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Monday, 28 January 2013

Unitary Patent: the Brussels problem

The author of the EU Commission's webpage
on the Unitary Patent realises his
entirely inadvertent omission
For the Unitary Patent to come into force we all know by now that 13 states, including the UK, France and Germany, need to ratify the Unified Patent Court (UPC) Agreement. Well, although this is what the Commission's webpage says (as does the EPO's page on the subject), these conditions are necessary but not sufficient - which is a logician's shorthand for saying that whoever wrote the Commission's press release was being economical with the truth.

Apart from those ratification requirements, the Unitary Patent cannot become a reality until the current regulation on jurisdiction and enforcement of judgments across the EU, a.k.a. the Brussels I Regulation, is also amended -- and this might not be trivial, especially since not all 27 member states are on board.
This point was highlighted and brought to the IPKat's attention in a comment left by Gibus -- one of our frequent and valued commenters -- on a post on the Dutch Battle of the Tablets.  Gibus explains the issue further:
 
Since Brussels I regulation (EC 44/2001) is referred to in this judgement, I jump on this to raise two issues which seem to not have been considered by any Kat interested by the Unitary Patent here.

First, it has been rightly recalled by some Kats here and by others elsewhere that the unitary patent regulation could only enter into forced once the Unified Patent Court (UPC) international agreement has been ratified by France, Germany and the United-Kingdom (raising sometimes some concerns with regard to the referendum about UK leaving EU as proposed recently by Cameron [Merpel interjects that apparently this might not be greeted with universal disappointment, were the UK to go its own way] and 10 other Member States. But what has not been pointed out is that, according to Article 89 UPC, the UPC cannot entered into force before Brussels I regulation has been amended with specific provisions with regard to UPC jurisdiction.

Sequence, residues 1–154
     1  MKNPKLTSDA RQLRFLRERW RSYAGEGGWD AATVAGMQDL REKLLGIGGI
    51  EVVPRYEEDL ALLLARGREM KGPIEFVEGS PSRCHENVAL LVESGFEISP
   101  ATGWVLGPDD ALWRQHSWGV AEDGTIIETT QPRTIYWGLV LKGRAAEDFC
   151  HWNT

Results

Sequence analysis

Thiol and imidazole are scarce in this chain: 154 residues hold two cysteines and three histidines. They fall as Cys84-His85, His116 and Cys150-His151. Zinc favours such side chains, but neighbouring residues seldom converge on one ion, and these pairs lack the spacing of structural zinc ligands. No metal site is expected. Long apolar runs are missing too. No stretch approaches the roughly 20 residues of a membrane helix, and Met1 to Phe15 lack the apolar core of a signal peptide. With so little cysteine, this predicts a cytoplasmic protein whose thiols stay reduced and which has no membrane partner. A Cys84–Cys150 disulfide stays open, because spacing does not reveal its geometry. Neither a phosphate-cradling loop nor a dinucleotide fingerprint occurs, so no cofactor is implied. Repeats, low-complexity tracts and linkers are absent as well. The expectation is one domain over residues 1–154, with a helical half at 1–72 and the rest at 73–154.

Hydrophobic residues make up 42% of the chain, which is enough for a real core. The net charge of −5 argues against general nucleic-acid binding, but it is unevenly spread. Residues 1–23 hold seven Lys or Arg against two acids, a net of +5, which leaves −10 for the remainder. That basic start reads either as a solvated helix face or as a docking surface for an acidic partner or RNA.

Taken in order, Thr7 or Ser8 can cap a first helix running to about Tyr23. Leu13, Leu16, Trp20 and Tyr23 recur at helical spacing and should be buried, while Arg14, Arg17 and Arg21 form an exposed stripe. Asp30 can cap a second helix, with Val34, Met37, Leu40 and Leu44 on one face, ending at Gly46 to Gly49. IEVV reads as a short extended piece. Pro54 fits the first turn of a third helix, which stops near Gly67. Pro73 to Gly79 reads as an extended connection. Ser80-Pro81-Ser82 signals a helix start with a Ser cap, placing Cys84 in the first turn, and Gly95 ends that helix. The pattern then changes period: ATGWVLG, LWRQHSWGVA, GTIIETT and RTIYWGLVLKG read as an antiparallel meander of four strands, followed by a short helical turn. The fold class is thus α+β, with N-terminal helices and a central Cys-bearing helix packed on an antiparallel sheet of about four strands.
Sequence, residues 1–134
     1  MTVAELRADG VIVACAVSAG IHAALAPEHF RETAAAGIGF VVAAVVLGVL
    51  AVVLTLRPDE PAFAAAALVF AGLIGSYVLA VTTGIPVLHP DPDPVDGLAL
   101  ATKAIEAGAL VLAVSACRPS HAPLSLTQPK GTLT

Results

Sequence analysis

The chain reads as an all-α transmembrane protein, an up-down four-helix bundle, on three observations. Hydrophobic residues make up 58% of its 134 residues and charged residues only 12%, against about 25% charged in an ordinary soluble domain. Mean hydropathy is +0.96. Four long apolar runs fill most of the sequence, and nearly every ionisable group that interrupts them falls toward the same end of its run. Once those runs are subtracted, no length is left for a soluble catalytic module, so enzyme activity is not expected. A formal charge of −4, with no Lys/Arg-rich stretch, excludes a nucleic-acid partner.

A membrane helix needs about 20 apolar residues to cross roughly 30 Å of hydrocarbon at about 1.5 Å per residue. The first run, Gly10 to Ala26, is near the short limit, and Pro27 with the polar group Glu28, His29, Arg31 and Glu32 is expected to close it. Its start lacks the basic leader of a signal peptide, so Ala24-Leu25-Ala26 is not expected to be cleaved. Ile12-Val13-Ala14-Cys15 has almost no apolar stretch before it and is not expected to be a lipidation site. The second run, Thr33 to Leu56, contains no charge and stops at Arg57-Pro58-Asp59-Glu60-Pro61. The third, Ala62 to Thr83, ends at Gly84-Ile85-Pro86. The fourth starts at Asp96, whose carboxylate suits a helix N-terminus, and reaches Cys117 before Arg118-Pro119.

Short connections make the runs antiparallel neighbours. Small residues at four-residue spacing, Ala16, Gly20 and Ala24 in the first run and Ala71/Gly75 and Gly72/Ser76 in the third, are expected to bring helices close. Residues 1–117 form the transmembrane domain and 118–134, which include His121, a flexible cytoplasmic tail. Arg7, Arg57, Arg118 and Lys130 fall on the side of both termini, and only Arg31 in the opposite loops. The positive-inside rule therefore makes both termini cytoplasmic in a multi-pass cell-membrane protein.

Too bad, a recast of Brussels I regulation has just been voted by the EU Parliament and the Council (EU 1215/2012, published on EUOJ of December 20th, 2012, L 351/1). But nothing about UPC was taken on board in this recast. Therefore the Commission has to make another proposal which has to go through the EU legislative procedure. That is: the UPC agreement, nor the unitary patent regulation cannot enter into force before another amendment of Brussels I is voted by the European Parliament and the Council. Who has said that first unitary patents should be granted in early 2014?

But the second point is that the Commission could be quite reluctant to propose such an amendment of Brussels I regulation. Because it would prove without any doubt that the UPC is affecting, and even is altering, the scope of common EU rules. According to Art. 3.2 TFEU, in such a case, the Union would have exclusive competence for the conclusion of an international agreement. This has been recently confirmed by the CJEU (Case C‑370/12 of November 27th, 2012, about the Treaty establishing the European stability mechanism (ESM) that it follows from Art. 3.2 TFEU that “Member States are prohibited from concluding an agreement between themselves which might affect common rules or alter their scope.” Therefore, Art. 3.2 TFEU shall apply to the UPC international agreement, and the EU shall have exclusive competence to conclude UPC. There is no way to consider that the unitary patent regulation could amount to an explicit authorisation from to EU to waive its exclusive competence. Therefore, Member States are not authorised to conclude the UPC between themselves.

Any thoughts on this?